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Journalism Advocacy: How Three Organizations Responded to Attacks Against Journalists in Egypt
Unformatted Document Text:  A total of six releases were issued on Friday, February 4: one from the Committee to Protect Journalists, two from Reporters Without Borders, and three from the International Federation of Journalists. IFJ’s first release was a letter from its president, Jim Boumelha. Describing the attacks against journalists with the same “witch-hunt” terminology used by Reporters Without Borders, Boumelha urged journalism unions worldwide to appeal to Egypt’s government to stop the violence. He also provided a very brief overview of IFJ’s efforts to provide safety advice to journalists in Egypt and to establish an emergency hotline for them. 35 IFJ’s second release that day repeated Jim Boumelha’s appeal for solidarity among the world’s journalism unions against Egypt’s strong-arm tactics, and it provided more details concerning the hotline IFJ established for journalists in need. And, for the first time, IFJ accused Egypt’s state television of inciting violence against foreign journalists by blaming them for the country’s unrest. “This is a false and dangerous claim,” said Aidan White, IFJ General Secretary. “The uprising of the people that threatens to engulf the regime of President Mubarak is not caused by the media. Journalists must not be made scapegoats of this crisis and the violence we see now.” 36 The organization’s third and final release on February 4 briefly explained the organization’s appeal to European Union heads of state who were meeting that day in Brussels. IFJ, in coordination with the European Federation of Journalists, wrote the group of leaders a letter asking them to “raise the public voice of the European Union loud and clear to condemn these various actions” and to place “sustained international pressure” on Egypt’s government. Signed by IFJ President Jim Boumelha, EFJ President Arne Konig, and Aidan White, IFJ/EFJ 35 “Egypt campaign – Global call for solidarity,” February 4, 2011, International Federation of Journalists. 36 “Crisis in Cairo: End violence against media now demands IFJ,” February 4, 2011, International Federation of Journalists.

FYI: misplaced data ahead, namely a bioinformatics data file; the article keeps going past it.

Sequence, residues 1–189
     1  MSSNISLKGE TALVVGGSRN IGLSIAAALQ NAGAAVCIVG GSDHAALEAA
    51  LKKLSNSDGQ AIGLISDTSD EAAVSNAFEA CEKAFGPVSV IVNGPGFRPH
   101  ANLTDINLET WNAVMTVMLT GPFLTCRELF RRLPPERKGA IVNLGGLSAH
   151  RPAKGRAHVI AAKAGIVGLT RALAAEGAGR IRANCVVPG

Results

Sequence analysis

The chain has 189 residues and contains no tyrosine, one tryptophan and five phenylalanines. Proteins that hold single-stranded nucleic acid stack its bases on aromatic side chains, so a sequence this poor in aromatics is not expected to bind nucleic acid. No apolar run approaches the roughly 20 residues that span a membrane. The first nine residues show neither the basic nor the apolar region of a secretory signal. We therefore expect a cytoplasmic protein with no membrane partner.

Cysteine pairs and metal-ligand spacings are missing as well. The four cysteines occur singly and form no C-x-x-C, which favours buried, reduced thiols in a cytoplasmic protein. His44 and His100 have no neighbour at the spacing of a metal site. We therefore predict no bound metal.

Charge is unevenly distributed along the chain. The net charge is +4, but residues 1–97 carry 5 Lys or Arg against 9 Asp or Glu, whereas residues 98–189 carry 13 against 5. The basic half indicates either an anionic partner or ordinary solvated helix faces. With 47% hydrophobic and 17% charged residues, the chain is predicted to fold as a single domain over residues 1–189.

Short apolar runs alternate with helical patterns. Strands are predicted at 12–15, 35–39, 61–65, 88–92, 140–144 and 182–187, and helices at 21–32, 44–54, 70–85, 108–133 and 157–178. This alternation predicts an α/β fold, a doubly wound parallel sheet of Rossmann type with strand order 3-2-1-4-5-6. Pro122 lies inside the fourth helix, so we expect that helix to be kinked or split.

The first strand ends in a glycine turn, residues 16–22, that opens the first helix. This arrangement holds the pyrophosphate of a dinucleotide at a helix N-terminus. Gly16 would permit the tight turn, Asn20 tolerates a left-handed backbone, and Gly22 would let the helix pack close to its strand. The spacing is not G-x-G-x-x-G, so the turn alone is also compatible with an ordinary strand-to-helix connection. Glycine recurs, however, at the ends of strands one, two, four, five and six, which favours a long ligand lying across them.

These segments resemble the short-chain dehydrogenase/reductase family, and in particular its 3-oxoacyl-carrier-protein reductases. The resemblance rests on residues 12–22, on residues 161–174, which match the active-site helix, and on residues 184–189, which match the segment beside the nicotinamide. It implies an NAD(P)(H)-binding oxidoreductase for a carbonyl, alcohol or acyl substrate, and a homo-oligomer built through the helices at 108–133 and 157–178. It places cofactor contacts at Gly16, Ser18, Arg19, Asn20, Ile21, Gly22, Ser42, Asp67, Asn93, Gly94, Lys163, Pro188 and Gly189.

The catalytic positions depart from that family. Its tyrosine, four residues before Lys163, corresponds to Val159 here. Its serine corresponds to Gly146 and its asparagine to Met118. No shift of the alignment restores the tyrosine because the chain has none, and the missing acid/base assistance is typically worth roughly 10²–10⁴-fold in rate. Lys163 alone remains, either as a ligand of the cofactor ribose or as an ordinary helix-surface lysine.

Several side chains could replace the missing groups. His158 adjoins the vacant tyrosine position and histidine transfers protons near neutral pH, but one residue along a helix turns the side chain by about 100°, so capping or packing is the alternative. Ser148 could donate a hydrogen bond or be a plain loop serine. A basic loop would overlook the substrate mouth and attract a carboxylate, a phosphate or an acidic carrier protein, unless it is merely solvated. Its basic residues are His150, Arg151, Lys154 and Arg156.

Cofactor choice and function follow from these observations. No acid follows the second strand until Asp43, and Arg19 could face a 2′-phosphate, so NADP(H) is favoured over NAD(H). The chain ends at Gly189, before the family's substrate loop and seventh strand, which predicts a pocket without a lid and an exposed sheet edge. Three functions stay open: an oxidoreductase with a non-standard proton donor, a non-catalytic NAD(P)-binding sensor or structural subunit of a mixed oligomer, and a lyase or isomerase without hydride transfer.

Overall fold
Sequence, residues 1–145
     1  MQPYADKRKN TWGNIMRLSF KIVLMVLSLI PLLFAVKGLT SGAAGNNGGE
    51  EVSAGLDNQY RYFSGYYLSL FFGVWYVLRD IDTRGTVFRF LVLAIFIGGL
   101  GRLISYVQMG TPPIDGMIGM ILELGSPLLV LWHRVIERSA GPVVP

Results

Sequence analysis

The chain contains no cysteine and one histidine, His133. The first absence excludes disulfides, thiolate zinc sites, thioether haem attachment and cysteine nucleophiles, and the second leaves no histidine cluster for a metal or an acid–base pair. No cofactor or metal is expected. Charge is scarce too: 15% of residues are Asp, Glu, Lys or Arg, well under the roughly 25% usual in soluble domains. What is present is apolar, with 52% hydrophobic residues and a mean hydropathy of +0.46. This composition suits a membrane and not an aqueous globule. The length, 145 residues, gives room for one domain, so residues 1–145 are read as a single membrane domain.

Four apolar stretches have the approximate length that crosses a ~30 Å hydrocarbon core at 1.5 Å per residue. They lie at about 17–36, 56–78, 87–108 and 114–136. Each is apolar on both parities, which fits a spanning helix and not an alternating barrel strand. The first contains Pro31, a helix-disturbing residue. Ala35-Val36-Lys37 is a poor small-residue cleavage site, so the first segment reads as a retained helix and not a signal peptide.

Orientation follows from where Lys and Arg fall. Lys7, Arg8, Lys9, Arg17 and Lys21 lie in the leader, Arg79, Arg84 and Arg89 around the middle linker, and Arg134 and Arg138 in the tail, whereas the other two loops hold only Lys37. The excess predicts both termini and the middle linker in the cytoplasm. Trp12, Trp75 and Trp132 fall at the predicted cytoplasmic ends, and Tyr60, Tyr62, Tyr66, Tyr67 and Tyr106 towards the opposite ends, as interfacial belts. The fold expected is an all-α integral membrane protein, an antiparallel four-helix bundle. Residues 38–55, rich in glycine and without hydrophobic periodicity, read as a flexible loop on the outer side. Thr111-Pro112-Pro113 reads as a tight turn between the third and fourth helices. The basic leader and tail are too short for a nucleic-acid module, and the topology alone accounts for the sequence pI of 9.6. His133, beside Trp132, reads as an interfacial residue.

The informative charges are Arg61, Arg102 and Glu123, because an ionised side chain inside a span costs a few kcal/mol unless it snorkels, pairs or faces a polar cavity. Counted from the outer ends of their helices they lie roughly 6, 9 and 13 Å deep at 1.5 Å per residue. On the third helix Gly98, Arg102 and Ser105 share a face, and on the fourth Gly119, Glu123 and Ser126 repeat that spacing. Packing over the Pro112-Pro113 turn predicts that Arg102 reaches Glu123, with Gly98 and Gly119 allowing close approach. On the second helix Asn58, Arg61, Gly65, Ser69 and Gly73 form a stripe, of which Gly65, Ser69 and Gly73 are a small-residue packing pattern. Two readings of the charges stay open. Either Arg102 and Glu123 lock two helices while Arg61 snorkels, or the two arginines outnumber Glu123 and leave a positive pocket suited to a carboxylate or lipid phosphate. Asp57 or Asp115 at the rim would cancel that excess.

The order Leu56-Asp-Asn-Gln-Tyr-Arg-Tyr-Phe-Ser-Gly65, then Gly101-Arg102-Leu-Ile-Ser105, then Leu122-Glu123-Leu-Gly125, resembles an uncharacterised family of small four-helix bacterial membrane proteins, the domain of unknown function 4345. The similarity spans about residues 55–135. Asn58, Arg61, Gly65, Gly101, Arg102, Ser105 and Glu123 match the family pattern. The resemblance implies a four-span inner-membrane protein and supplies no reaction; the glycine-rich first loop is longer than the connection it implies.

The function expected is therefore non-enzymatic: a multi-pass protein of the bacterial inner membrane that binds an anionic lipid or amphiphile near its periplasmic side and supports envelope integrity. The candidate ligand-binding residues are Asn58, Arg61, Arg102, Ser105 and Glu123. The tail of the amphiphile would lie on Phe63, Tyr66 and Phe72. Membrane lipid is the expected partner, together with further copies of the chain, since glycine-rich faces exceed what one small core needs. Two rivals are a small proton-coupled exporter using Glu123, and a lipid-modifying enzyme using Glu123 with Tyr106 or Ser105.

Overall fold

Authors: Cain, Butler.
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A total of six releases were issued on Friday, February 4: one from the Committee to 
Protect Journalists, two from Reporters Without Borders, and three from the International 
Federation of Journalists. IFJ’s first release was a letter from its president, Jim Boumelha. 
Describing the attacks against journalists with the same “witch-hunt” terminology used by 
Reporters Without Borders, Boumelha urged journalism unions worldwide to appeal to Egypt’s 
government to stop the violence. He also provided a very brief overview of IFJ’s efforts to 
provide safety advice to journalists in Egypt and to establish an emergency hotline for them.
IFJ’s second release that day repeated Jim Boumelha’s appeal for solidarity among the 
world’s journalism unions against Egypt’s strong-arm tactics, and it provided more details 
concerning the hotline IFJ established for journalists in need. And, for the first time, IFJ accused 
Egypt’s state television of inciting violence against foreign journalists by blaming them for the 
country’s unrest. “This is a false and dangerous claim,” said Aidan White, IFJ General Secretary. 
“The uprising of the people that threatens to engulf the regime of President Mubarak is not 
caused by the media. Journalists must not be made scapegoats of this crisis and the violence we 
see now.”
The organization’s third and final release on February 4 briefly explained the 
organization’s appeal to European Union heads of state who were meeting that day in Brussels. 
IFJ, in coordination with the European Federation of Journalists, wrote the group of leaders a 
letter asking them to “raise the public voice of the European Union loud and clear to condemn 
these various actions” and to place “sustained international pressure” on Egypt’s government. 
Signed by IFJ President Jim Boumelha, EFJ President Arne Konig, and Aidan White, IFJ/EFJ 
35 “Egypt campaign – Global call for solidarity,” February 4, 2011, International Federation of Journalists.
36 “Crisis in Cairo: End violence against media now demands IFJ,” February 4, 2011, International Federation of 

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